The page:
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Thread: Urbanization of the planet [Was: 50% of the world urban...]

  1. #1
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    Urbanization of the planet [Was: 50% of the world urban...]

    http://www.iht.com/articles/ap/2008/...ing-Cities.php

    This article states the world is about 50% urban now, and around 2050 the world will be about 70% urban.

    In California, I think of it like this:

    In my county, we only have one ex-urban (extra urban) city. In that city, about 2/3 of it is urban and the rest rural or suburban. That urban population in that city is about 20,000 population. The other 25,000 people are in suburban tracts or on rural plots. Now, the rest of the county is all rural. The county has 265,000 population.

    Now, if we look at Los Angeles that has roughly 4 million people. The city is not all urban. The city's central part is urban in built form, yet the surrounding neighborhoods are suburban and rural in built form. All though, the whole city is urban. About 6 million people out of 10 million are living in an urban enviroment in that county.

    So, even if you live in a rural or suburbanish part of an urban city then u are still in an urban enviroment.

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    Cyburbian rcgplanner's avatar
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    I would agree with this finding. Just the 20 most populous metro areas in the world equal 5% of the world's population. Most of the urban areas are outside of the United States. New York is the 13th most populous city in the world, while LA is 46th.

    In the US, many urban areas are expanding into mega-regions. For example, the 400 mile drive between Raleigh, NC and Atlanta, GA, you would be hard-pressed to find many true rural areas. A Georgia Tech study called the area from Birmingham, AL to Raleigh, NC the core of Piedmont Atlantic Megaregion, with approximately 13million people living in the urban core of the region, the I-85 corridor.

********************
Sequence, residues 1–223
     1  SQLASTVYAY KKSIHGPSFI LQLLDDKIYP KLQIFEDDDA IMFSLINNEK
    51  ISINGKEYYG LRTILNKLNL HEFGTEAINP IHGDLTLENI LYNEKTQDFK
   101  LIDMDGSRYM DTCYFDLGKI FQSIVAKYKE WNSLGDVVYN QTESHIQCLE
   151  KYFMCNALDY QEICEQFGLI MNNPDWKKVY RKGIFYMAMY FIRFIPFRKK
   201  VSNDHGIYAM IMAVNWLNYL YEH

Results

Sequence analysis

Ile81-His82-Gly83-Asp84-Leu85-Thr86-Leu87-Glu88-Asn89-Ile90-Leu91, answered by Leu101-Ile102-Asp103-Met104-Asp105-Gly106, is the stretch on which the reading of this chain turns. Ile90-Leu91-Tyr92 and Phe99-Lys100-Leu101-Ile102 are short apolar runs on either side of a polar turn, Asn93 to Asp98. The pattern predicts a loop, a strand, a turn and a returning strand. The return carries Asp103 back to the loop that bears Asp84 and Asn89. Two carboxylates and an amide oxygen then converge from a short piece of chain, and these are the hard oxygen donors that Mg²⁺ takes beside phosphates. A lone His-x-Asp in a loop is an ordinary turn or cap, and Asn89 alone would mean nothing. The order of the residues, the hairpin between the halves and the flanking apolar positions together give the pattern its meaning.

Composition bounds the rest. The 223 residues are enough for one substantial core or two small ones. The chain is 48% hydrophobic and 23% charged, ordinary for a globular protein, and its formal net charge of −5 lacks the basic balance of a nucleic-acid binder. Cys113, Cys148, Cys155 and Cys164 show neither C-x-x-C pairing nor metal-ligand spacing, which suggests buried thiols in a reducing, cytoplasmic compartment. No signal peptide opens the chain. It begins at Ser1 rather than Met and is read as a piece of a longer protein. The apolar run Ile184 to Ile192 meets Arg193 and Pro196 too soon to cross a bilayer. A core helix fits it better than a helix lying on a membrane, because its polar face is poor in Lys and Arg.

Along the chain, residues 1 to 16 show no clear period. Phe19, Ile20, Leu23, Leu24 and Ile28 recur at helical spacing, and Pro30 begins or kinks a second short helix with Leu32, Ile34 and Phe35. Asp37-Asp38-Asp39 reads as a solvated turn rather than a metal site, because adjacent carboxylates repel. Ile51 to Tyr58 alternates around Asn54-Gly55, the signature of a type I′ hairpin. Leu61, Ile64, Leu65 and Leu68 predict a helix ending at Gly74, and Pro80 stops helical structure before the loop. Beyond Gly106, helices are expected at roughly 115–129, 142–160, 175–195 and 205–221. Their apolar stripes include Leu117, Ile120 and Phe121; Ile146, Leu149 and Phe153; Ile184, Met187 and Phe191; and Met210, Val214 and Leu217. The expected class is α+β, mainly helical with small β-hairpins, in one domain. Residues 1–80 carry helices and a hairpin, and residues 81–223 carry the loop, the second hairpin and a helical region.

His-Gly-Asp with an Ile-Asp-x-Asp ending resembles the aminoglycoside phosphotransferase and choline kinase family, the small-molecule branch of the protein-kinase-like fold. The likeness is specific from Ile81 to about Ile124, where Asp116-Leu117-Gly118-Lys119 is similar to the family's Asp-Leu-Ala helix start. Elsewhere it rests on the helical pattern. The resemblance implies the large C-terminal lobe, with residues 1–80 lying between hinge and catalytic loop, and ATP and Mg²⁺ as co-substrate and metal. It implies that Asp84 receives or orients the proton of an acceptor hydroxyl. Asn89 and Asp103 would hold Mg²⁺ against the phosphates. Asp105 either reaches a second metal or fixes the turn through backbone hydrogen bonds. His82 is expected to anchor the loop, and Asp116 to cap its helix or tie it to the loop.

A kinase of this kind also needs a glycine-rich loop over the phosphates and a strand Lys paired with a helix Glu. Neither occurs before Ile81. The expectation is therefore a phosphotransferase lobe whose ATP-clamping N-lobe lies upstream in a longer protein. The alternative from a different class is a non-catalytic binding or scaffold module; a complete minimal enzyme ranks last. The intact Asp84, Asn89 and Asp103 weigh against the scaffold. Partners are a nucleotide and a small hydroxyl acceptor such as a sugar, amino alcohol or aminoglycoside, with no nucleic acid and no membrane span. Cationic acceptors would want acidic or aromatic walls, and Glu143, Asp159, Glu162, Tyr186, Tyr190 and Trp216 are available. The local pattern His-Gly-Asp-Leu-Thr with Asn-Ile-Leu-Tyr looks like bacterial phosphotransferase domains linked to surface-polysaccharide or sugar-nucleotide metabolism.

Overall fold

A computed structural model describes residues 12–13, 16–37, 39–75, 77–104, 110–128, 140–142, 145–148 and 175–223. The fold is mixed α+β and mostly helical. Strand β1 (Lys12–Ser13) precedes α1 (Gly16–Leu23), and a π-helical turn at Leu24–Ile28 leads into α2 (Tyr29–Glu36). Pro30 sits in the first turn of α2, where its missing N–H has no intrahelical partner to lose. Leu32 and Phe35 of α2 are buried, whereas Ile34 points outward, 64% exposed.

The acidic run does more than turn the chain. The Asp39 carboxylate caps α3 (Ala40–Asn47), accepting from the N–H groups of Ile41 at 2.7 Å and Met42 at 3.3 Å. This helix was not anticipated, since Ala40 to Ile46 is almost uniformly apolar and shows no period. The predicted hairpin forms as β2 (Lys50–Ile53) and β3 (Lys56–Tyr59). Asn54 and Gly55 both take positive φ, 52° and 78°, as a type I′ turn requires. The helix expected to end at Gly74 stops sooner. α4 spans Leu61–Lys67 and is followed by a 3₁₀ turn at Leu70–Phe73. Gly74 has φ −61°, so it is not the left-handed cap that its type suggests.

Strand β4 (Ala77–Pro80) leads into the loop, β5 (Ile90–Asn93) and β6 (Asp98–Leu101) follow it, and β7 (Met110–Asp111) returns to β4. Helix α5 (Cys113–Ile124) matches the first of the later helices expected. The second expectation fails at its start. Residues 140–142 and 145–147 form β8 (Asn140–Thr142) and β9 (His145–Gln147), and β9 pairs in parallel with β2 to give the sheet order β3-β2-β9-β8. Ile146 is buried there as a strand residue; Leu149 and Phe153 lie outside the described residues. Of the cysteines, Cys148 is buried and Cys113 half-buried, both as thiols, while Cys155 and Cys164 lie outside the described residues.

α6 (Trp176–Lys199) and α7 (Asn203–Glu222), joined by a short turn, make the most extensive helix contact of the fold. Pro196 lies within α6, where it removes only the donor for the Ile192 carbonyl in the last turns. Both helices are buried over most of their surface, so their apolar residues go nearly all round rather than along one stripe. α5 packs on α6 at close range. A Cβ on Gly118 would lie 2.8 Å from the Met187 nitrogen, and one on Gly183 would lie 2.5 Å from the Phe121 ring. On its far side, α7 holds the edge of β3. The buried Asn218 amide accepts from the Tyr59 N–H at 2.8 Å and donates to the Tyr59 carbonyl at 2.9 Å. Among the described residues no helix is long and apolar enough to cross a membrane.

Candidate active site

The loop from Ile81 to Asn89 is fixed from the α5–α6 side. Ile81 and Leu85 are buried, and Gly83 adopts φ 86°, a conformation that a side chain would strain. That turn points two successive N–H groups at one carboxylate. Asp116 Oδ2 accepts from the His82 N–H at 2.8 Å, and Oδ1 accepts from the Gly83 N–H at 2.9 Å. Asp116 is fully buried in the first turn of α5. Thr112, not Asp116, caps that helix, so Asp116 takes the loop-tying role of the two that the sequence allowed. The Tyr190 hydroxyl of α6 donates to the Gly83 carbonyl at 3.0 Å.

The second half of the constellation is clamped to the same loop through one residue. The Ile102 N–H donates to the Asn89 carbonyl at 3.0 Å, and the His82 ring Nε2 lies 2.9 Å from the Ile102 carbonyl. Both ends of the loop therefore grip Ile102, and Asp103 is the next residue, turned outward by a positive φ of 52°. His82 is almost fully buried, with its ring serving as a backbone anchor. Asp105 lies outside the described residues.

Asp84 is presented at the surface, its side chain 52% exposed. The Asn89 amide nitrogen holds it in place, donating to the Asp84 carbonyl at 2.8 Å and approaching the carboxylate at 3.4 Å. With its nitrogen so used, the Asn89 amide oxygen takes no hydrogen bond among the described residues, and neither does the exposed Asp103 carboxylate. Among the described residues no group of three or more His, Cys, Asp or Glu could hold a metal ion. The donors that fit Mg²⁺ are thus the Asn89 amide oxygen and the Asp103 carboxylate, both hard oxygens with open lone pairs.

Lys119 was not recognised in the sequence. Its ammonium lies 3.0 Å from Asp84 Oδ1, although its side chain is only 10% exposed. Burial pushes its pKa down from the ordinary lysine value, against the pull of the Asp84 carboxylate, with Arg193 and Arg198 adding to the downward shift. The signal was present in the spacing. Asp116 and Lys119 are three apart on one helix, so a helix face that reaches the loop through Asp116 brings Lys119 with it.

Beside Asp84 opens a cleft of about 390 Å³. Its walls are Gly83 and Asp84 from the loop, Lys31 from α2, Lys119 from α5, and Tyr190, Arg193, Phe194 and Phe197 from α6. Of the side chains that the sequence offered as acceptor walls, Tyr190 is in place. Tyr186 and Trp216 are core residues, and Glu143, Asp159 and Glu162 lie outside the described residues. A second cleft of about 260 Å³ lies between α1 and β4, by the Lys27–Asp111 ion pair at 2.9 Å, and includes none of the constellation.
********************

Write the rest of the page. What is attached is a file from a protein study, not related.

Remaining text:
http://en.wikipedia.org/wiki/Megalop...#United_States is a list of the mega-regions in the United States. The big focus in regional planning over the next 40 years is going to be how to link the components of these mega-regions better. The BosWash corridor already has fairly strong transportation links, with high-speed rail, frequent flights and an extensive highway system. I think you will see similar things happening in many of these other regions, i.e., high speed rail in the southeast and midwest.

  3. #3
    Id say most of LA is legitimately city. Its certainly not rural. Most of the megacities in the world include suburban areas.

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    Cyburbian Raf's avatar
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    Quote Originally posted by urban19 View post
    Now, if we look at Los Angeles that has roughly 4 million people. The city is not all urban. The city's central part is urban in built form, yet the surrounding neighborhoods are suburban and rural in built form. All though, the whole city is urban. About 6 million people out of 10 million are living in an urban enviroment in that county.
    Your an idiot. Of course it is all urban. What do you think they get their water and sewer from..septic and wells?
    Men do dumb $hit... it is what they do to correct the problem that counts.

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    Quote Originally posted by CPSURaf View post
    Your an idiot. Of course it is all urban. What do you think they get their water and sewer from..septic and wells?
    Yeah, I know it's all urban. But i thought areas like the San Fernando Valley was suburban in built form, and Pacific Palisades was rural. Maybe it's just a bit suburban and a bit rural in those parts? but the whole city is urban.

    hence some parts may be urban suburban or urban rural, and not just urban.

  6. #6
    Perceptions matter a lot. What is considered by many to be almost rural in Los Angeles, communities like Pacific Palisades, are considered unacceptably dense in places like the fringe of Atlanta.

    I general, when agencies talk about the majority of the planet being urban, they are talking about both inner city cores and their suburbs.

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